This paper attempts to use linear programming techniques coupled with common network flow concepts to generate formulations for two telecommunications problems. The first of these is based on optimal channel allocation in a network with a discrete cost function while the second is based on the network design problem. Both problems are fully formulated and solved using the SCICONIC package. Numerical results for a number of datasets are included. The formulations of the two problems in MGG code and the tables of results are given in the appendices.

Navigation in a Hypertext Using Dynamically Constructed Guided Tours,
C. Dunne and R. Verbruggen.

When searching by browsing in a large hypertext the user can become lost or disoriented. Effective access to information in a large hypertext requires query-based access and knowledge of the user and domain to compliment browsing and combat the problem of disorientation. In this paper we describe a technique for implementing an intelligent guide to aid the user in navigating a large hypertext. The technique involves identifying information seeking and useful patterns in the user's behaviour and exploiting hthese patterns to direct users toward relevant information in response to a query. The guide's behaviour is context- sensitive and adapts to individual users.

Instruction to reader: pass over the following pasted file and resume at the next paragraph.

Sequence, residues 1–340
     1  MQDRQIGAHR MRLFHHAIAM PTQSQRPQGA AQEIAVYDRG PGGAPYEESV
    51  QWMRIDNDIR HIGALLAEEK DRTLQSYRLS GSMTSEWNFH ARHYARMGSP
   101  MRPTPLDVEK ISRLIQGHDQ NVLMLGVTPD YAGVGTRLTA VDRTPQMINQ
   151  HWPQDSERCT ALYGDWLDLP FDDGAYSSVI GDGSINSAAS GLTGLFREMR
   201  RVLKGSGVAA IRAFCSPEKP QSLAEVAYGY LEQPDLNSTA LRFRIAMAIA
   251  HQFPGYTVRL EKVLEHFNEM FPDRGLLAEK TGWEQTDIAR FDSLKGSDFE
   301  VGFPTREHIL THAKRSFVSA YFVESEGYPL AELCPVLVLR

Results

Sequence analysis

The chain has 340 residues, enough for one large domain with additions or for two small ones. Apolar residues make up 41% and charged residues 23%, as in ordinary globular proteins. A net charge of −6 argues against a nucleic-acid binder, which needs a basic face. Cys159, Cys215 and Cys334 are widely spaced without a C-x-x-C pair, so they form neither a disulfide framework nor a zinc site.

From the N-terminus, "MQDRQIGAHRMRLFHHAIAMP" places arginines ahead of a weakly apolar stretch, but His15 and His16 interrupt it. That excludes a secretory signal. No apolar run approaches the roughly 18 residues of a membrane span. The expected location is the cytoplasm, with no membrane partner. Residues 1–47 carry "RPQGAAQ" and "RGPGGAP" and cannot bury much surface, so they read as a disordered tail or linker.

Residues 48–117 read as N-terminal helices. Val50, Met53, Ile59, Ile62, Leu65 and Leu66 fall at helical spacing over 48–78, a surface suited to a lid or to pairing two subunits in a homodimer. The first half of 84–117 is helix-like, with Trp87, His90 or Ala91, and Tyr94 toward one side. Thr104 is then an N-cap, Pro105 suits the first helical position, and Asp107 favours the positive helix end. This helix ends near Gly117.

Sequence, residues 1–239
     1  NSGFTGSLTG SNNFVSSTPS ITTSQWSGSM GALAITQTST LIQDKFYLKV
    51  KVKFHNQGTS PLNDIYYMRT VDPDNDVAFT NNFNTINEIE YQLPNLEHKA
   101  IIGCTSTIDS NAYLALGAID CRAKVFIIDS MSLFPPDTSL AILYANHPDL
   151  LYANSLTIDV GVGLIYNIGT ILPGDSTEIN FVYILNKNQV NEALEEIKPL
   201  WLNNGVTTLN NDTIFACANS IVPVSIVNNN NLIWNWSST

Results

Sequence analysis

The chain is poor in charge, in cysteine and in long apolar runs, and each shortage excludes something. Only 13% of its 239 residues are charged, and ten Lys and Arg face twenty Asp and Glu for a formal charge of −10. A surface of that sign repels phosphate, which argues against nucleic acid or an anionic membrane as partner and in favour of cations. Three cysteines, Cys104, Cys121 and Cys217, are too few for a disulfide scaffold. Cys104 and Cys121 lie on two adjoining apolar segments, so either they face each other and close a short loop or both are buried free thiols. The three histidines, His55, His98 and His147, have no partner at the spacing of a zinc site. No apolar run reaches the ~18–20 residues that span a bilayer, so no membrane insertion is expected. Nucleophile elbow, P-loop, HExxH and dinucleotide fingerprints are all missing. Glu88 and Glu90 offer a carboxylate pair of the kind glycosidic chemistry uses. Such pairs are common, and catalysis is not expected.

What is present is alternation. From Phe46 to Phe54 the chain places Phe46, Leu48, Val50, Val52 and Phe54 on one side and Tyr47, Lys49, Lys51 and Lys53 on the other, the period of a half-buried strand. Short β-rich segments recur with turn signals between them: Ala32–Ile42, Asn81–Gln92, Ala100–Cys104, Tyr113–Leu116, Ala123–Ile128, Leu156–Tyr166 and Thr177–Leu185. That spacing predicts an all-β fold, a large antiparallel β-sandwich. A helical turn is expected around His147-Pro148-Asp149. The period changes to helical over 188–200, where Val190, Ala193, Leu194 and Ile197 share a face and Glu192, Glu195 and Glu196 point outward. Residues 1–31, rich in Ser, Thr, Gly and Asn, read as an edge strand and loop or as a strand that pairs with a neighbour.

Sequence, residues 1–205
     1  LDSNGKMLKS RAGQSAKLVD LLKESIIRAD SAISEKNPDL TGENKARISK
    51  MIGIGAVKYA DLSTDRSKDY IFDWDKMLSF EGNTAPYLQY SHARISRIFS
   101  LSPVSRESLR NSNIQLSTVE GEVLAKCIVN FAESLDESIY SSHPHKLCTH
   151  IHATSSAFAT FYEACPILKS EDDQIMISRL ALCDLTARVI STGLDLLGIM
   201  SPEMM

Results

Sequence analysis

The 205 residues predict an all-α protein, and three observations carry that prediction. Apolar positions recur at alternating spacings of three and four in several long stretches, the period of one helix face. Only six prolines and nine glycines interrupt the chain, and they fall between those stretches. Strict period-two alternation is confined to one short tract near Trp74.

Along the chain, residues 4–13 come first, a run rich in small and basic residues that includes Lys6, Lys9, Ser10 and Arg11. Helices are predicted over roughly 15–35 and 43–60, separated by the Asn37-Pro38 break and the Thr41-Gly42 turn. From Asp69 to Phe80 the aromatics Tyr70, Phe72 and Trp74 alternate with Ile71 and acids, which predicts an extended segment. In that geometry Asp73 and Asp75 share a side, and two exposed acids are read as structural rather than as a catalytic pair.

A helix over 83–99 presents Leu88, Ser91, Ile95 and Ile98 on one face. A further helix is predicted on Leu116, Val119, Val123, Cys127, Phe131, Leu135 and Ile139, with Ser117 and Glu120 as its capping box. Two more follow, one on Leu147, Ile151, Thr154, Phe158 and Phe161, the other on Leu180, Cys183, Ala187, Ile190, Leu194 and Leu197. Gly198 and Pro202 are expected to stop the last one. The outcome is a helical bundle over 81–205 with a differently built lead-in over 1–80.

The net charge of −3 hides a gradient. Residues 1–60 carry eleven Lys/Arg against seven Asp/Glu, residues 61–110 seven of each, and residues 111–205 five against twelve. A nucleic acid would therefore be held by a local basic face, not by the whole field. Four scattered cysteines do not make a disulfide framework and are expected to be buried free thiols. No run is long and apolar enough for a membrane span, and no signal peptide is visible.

Statistical Modelling of a Disk Server in a Client/Server Environment,
B. Stone, M. O'hEigeartaigh and R Verbruggen.

In this paper we analytically model the performance of a server in a client/server environment and in particular we concentrate on the modelling of disk access to the server machine considering such aspects as the layout of a disk. We are especially interested in measuring the proportion of the network bandwidth being utilised by the disk server which is indicative of the scalability of the system.

Counting Chains in Single and Double Hamiltonian Tours,
M. O'hEigeartaigh and M.E.J. O'Kelly.